Will You Be an Atticus Finch?

By Elisha Hodge, legal consultant, MTAS

Over the last several months, I have read a number of books about different leadership styles and philosophies as part of the assigned readings for Leadership Academy. To be honest, I enjoyed some way more than others. And while I learned some very valuable lessons through the stories that several of the authors told, I learned more about the type of leader that I want to be from a novel that I read in 8th grade Honors English. Even though I was young and impressionable in the 8th grade, Harper Lee’s To Kill a Mockingbird had the type of profound impact on me that few fictional novels have had since. In the novel, Lee weaves a rich tale full of suspense, chaos, adversity, and triumph and uses one of her main characters, Atticus Finch, to illustrate the type of authentic, courageous leadership that I strive daily to emulate.

The novel is set against the backdrop of 1930’s rural Maycomb, Ala. The main characters are Atticus Finch, a prominent white attorney who is appointed by the court to represent Tom Robinson, and single father to Jem and Jeanne Louis (Scout), Jem, the oldest of Atticus’ children, Scout, the youngest of Atticus’s children and the narrator of the story, and Tom Robinson, a black farmhand accused of raping a young white woman in Maycomb. While Atticus’ leadership is on constant display throughout the novel, his one display of leadership that most resonates with me occurs shortly before the trial begins. People around town are ridiculing Atticus in public for defending Tom. Intrigued by why her father is representing Tom, Scout asks him why he is doing something so many people are saying that he should not be doing. Atticus responds by telling Scout that he is defending Tom “For a number of reasons. . . The main one is, if I didn’t I couldn’t hold up my head in town . . .” (78).  After a brief discussion, Scout asks her father if he is going to win the case. He tells her no, he is not. Confused by why he would not win when he is doing the right thing, Scout asks Atticus why he thinks he is going to lose. Atticus says, “Simply because we were licked a hundred years before we started is no reason for us not to try to win.” (78). Even though Atticus knows that his representation of Tom could be dangerous for both him and his family and will ultimately result in a guilty verdict, his integrity compels him to do what is right, regardless of the consequences.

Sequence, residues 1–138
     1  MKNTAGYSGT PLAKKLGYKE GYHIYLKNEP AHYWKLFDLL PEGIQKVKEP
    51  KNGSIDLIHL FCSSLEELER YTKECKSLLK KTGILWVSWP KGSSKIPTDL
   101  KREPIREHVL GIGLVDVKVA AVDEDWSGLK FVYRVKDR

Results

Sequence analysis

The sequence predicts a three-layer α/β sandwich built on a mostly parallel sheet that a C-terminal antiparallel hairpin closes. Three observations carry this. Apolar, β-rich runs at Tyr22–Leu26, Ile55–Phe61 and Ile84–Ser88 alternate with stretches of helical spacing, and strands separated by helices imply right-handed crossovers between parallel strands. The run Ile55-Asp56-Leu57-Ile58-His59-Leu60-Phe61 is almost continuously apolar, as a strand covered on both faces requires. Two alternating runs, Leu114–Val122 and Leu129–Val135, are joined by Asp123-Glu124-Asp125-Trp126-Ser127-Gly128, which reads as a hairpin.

Ultimately Tom is convicted, but not because Atticus fails to zealously represent him.  Sensing the disappointment that Jem and Scout feel after the trial, Miss Maudie, one of their neighbors, has a conversation with them that really speaks to Atticus’ authentic, courageous leadership. She tells them, “ . . . there are some men in this world who were born to do our unpleasant jobs for us. Your father’s one of them . . . Atticus Finch can’t win, he won’t win, but he’s the only man in these parts who can keep a jury out so long in a case like that . . . it’s just a baby-step, but it’s a step.” (219-220)

I am certain that each of you, like me, have had opportunities in your life to display authentic, courageous leadership. And I am also certain that many of you, like me, have not always risen to the occasion. But, tomorrow is another day, filled with all types of new opportunities. If the opportunity presents itself tomorrow, will you choose to be someone’s Atticus Finch?

Lee, Harper. To Kill a Mockingbird. Philadelphia: J.B. Lippincott Company, 1960. New York: Warner Books, 1982.